It’s taken me an embarrassingly long time to share the details of the Chocolate Tour that my best friend, Maggie, and I took several months ago when she visited me in New York. The tour was offered by the Institute of Culinary Education (ICE) and was led by Alexandra Leaf, who was a delightful guide. The tour brought us to a few familiar places and introduced me to some chocolatiers who were new to me. Here’s the list of where we went – keep reading after the jump for details and lots of pictures (pics courtesy of Maggie).
The tour convened at the Jacques Torre store on Hudson Street. I don’t love Jacques Torres chocolate (divine cookies aside) – I find it to be more style than substance – but a trip to the store/factory is a fun diversion. I had only been to the small UWS store previously so seeing the factory in action (and quite busy as we were there the weekend before Easter) was a very different experience. The store was decorated ornately with Easter fare (including adorable chocolate-dipped Peeps), and I appreciated Jacques Torres’ whimsical and light-hearted touches. His chocolate creations are meant to put a smile on your face (chocolate-covered Cheerios, anyone?) and they deliver.
The next stop was Kee’s Chocolates, which I had not heard of before the tour (although I have returned since). Apparently, Kee Ling Tong left her corporate job to open a flower and chocolate shop and then dropped the flowers to concentrate on chocolate. The aesthetic of Kee’s – austere and minimal – contrasted sharply with that of Jacques Torres. Kee’s creations are presented in simple cases. The walls – one with exposed brick and one painted red – are unadorned. The biggest splash of color in the store is provided by the macaroon collection. The macaroons are lovely and would make a great hostess gift. I don’t enjoy macaroons particularly, but I tried the truffle oil macaroon (definitely unique). The chocolates, which you can see being made in adjacent kitchen, are creative, thoughtful and delicious. Kee is at the top of her game.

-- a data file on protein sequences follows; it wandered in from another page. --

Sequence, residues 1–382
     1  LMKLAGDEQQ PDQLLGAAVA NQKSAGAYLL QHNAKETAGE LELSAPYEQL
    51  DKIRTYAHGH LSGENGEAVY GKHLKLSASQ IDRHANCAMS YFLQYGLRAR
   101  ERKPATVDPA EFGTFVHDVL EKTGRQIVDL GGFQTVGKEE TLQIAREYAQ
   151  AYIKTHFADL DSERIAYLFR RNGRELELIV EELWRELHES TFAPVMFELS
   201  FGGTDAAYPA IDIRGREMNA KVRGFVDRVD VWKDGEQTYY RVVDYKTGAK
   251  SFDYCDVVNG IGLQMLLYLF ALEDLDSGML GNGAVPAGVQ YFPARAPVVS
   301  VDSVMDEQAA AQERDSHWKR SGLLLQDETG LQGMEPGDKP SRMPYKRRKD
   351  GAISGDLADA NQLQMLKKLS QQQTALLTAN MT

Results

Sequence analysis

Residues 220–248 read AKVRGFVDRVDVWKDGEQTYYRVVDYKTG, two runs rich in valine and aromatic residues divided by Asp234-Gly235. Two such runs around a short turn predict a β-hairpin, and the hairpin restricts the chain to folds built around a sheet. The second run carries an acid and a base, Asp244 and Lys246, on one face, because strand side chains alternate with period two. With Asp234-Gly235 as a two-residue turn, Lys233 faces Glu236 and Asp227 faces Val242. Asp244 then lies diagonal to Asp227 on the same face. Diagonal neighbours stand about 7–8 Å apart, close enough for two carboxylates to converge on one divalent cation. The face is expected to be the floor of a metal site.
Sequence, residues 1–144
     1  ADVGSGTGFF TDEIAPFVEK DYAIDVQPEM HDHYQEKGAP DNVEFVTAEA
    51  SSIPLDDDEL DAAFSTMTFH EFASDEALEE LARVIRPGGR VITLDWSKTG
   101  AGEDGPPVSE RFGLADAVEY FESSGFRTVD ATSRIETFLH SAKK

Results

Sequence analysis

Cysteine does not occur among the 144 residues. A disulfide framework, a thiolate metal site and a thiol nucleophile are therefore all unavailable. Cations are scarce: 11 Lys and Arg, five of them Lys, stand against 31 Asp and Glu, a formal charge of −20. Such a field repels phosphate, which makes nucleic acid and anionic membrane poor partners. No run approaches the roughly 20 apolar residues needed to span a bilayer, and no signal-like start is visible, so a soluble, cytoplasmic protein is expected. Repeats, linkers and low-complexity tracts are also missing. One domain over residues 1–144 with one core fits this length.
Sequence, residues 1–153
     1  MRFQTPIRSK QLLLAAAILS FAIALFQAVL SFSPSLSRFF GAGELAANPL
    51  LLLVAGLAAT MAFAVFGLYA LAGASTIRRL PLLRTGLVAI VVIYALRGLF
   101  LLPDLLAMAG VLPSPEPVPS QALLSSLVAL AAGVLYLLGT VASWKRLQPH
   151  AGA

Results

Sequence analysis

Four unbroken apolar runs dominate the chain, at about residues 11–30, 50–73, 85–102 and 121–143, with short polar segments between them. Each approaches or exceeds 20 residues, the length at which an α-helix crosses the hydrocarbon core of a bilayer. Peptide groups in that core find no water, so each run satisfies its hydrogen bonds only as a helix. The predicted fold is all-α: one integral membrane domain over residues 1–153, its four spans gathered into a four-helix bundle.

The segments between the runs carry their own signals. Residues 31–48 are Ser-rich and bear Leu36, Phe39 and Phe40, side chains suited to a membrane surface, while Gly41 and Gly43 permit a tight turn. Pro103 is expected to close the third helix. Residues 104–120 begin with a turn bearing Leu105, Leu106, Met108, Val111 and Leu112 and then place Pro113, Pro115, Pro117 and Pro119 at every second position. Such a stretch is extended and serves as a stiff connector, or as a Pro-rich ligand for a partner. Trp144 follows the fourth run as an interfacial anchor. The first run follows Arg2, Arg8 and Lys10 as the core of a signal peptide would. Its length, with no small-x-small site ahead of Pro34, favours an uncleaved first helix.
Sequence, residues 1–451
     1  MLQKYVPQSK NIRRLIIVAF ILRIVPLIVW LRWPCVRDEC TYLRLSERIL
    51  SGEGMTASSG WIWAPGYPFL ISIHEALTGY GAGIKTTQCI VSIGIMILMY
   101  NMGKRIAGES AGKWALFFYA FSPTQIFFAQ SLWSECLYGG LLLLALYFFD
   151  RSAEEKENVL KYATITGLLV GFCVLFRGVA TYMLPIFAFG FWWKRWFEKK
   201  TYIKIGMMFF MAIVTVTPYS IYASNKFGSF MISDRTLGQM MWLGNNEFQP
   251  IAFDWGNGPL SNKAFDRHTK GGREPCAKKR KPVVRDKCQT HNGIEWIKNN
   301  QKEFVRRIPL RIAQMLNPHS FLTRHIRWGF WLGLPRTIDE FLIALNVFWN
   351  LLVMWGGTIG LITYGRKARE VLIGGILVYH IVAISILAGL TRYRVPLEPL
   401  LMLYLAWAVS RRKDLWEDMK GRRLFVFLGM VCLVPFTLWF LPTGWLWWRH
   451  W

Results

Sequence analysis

After Kee’s, we made our way to Vosges. Maggie and I were bit confused about the inclusion of Vosges on the tour as the company is based in Chicago not NYC. Vosges chocolates are the most widely marketed and available of the chocolates we sampled. I enjoyed the Vosges caramel toffee and they sell an attractive set of bars that would make a nice gift, but I prefer more simple chocolate than creations like Vosges’ Red Fire Candy Bar.
Our last stop downtown was Mariebelle chocolates. As with Jacques Torres, I think Mariebelle chocolates are more visually appealing than tasty, but Mariebelle chocolates are even prettier (particularly the attractive blue and brown packaging) and less tasty than Jacques Torres’ creations. The only exception is Mariebelle hot chocolate, which comes in a variety of flavors. My sister-in-law gave me a four-pack of Mariebelle hot chocolates two years ago for Christmas and it is a wonderful treat on a cold winter day. The salon in the back of the Mariebelle store is very sweet and is a nice play to pop in for a cup of hot chocolate on a winter shopping excursion in SoHo.
After visiting Mariebelle, we headed uptown to Martine’s. Martine’s has two locations – one on 82nd and 1st and one in Bloomingdale’s. It’s shocking that I never wandered in to the store in Bloomingdale’s, despite walking by it many times. Maggie said the UES store reminded her of the confectioneries in France, where she studied abroad. The ornamental style is a throwback to earlier times (although the store was founded in 1992). Along with Kee’s, Martine’s was my favorite spot on the trip (and the most dangerous discovery given the proximity of Bloomingdale’s to my office). A number of Martine’s chocolates are made with fresh cream and meant to be consumed immediately. The hard exterior of these creations yields to a layer of ganache topped with a layer of white cream – it’s altogether amazing and quite unlike any chocolate I’ve tried.
Our last stop was Orsay for lunch, where we ate exceptional croque monsieurs that I am eager to have again. The chocolate tour is a great activity for native New Yorkers and tourists alike. Although not inexpensive, we felt that the tour was a fair value given the number of chocolates (+ lunch) that were included.